“I’m just doing what I love”

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“I’m just doing what I love”

Giovanni Castiglione dancing with the Starlettes. Courtesy of the Solon Starlettes' Facebook. Photo taken by T.A. Badowski.

Giovanni Castiglione dancing with the Starlettes. Courtesy of the Solon Starlettes' Facebook. Photo taken by T.A. Badowski.

Giovanni Castiglione dancing with the Starlettes. Courtesy of the Solon Starlettes' Facebook. Photo taken by T.A. Badowski.

Giovanni Castiglione dancing with the Starlettes. Courtesy of the Solon Starlettes' Facebook. Photo taken by T.A. Badowski.

Melissa Ellin, Editor in Chief

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Males can be minorities too.

Don’t believe me?

This year, Solon High School (SHS) junior Giovanni (Gio) Castiglione was welcomed as the first male onto the Starlettes, the SHS dance team that performs with the band. He is currently the only male on the team, but he said the group welcomed him with open arms.

“Everyone’s been extremely welcoming in the group so far,” Castiglione said. “I love every single one of them and I’ve had no negativity whatsoever.”

Castiglione found his way to Starlettes because of his passion for dance. He said that he was looking for an outlet other than Music in Motion (MIM), the SHS show choir, and although the Starlettes were all females, he wanted in.

“I talked to the director of the Starlettes and she said ‘Oh yeah, if you want to audition go for it,’” Castiglione said. “‘It’s a whole process, but we’ll let you audition.”’

Castiglione went through the same auditions and preparations as all the girls, and soon, he was a full-fledged Starlette. Starlette and SHS senior Destiny Coe said that there was initial uncertainty regarding Castiglione’s enrollment, but when a change as big as this occurs, immediate heartfelt connections are a stretch.

“No one ignored him,” Coe said. “It just took a while for everyone to warm up to who he was and get to know him, but after band camp, we all loved him. We all still love him, it just took a while to get used to having a guy on the team.”

On the other hand, the reception outside the team has been mixed. Castiglione said the majority of people he’s encountered have been encouraging, but there are still people opposed to his actions. Despite this, Castiglione has learned to shake the haters off.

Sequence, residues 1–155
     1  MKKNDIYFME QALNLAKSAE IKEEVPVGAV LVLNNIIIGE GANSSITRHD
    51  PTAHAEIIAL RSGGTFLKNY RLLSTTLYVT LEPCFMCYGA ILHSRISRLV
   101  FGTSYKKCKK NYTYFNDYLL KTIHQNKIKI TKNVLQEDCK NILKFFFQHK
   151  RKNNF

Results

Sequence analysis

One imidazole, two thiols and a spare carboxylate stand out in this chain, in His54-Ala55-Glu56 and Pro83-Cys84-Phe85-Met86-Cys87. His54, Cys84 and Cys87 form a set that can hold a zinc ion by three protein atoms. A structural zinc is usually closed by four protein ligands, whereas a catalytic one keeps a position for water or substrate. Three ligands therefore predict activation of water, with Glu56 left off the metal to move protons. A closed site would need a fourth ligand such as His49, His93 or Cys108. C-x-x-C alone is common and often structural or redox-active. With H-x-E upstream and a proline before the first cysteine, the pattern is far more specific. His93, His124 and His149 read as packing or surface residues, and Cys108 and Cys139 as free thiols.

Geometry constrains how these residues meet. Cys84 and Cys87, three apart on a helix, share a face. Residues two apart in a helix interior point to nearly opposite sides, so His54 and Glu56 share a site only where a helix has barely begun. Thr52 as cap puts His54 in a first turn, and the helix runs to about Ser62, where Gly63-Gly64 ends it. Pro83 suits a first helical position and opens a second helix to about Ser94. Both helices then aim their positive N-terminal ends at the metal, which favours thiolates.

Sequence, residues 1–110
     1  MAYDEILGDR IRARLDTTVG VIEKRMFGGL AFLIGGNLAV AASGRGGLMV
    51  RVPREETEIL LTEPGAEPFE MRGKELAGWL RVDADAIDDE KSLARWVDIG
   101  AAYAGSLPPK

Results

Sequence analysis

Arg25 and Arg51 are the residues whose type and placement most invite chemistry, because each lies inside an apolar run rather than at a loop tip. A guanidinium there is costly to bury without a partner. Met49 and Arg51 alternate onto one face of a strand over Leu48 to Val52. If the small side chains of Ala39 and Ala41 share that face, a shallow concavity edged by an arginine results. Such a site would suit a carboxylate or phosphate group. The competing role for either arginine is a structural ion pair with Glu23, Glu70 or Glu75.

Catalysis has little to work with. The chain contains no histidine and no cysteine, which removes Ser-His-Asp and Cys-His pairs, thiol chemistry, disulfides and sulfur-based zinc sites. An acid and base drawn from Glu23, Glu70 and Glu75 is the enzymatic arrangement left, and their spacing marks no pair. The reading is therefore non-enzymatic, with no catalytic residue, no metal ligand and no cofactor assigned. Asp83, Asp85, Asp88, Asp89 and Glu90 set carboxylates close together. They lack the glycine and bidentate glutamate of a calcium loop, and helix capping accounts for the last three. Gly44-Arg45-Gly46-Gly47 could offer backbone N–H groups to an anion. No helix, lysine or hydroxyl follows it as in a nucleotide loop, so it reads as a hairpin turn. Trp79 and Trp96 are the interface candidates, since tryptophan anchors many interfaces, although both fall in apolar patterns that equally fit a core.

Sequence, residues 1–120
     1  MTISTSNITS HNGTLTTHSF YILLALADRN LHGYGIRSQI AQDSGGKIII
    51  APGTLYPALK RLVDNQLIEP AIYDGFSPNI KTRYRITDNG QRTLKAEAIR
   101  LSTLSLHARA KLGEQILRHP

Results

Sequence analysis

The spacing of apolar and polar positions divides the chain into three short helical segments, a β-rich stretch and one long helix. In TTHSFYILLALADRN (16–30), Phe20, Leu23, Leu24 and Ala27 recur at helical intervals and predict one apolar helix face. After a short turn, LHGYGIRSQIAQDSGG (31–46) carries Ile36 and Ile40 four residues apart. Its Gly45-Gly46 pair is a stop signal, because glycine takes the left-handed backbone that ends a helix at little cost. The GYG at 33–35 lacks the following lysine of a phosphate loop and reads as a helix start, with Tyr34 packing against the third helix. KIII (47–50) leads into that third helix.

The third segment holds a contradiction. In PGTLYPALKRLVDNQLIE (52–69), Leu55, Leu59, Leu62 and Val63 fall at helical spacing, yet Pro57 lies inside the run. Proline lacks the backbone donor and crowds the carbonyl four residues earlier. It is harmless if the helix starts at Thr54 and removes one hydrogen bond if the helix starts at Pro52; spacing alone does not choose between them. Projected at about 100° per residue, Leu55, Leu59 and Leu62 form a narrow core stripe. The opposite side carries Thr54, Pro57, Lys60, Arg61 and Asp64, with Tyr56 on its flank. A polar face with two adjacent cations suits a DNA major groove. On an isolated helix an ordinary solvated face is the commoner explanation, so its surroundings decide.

“I’ve gotten some pretty rude comments both in and outside of the game from people who aren’t in band, and even sometimes in band itself, but I’ve learned to ignore it because there’s going to be people that are not going to like what you’re doing either one, because they’re jealous or number two, because they think it’s not right, but I’m doing what I love and I’m happy that there are people out there who actually accept me,” Castiglione said.

And there are plenty of people who not only accept Castiglione, but adore him because of what he’s doing. Coe mentioned that after going to Band Bash, Castiglione became somewhat of a celebrity.

“There  was a huge Band Bash [Snapchat group], and then [Aurora High School students] posted videos of Gio…” Coe said. “And then the whole entire Band Bash Snap was just videos of Gio, and people raving about him… The whole Aurora [dance] team ended up adding him on Snap after the night was over.”

Even though people are widely receptive to Castiglione’s Starlette status, there are practical obstacles that come with having a male on an all-girls team. For one, when there are Starlette sleepovers, Starlette and SHS junior Rachel Verbiar mentioned that Castiglione can’t spend the night. But with modern technology, this problem was an easy fix.

“We have Starlettes sleepovers, and we wanted him to sleep over, and he obviously can’t…” Verbiar said. “But he stayed until midnight and left, and we Facetimed him, then he fell asleep on the phone.”

Additionally, while the girls prepare for games in the Orchestra room and Castiglione gets ready in the bathroom, the team tries to include him in every step of the process.

“We can’t change in front of him, but he waits outside and then comes in after we’re done changing,” Verbiar said. “We get ready an hour before the game and we put on our makeup and he sits in there while we put on our makeup and talks to us.”

Regardless, there are some gaps that cannot be bridged quite yet, such as the Starlettes costume. The female Starlettes wear skirts, adorn glittery apparel and shake pom poms. So, people on the Starlettes and band have all been asking the question: why doesn’t Gio have pom poms? Starlettes’ Coach, Kelly Wilson, chose not to comment on the matter, but Verbiar was able to shed some light on the topic.

“I think it’s just [that] the coaches want to protect him from anybody making fun of him, so they dial everything down,” Verbiar said.

While Castiglione may not use pom poms in the immediate future, the case is far from closed. Verbiar added that the team is “working on it.”

Another uncertainty: whether we can expect to see more males join the team. There have been no hints to another male trying out, but nobody is taking the idea off the table.

“I think now that he’s started it, I don’t think it will stop,” Verbiar said.

Even if no additional males join the team, Castiglione said he’s gained plenty from this experience. Not only was he able to find another creative outlet for the sport he loves, but he’s learned valuable lessons about optimism and achieving goals.

“Follow your dreams unconditionally,” Castiglione said. “That’s the most important thing I’ve had in my mind throughout all these years. People have always been [like] ‘Oh, this kid’s doing drama and music and all that sort of stuff, he must be this and that.’ And I’m just doing what I love. That’s all I’m doing.”

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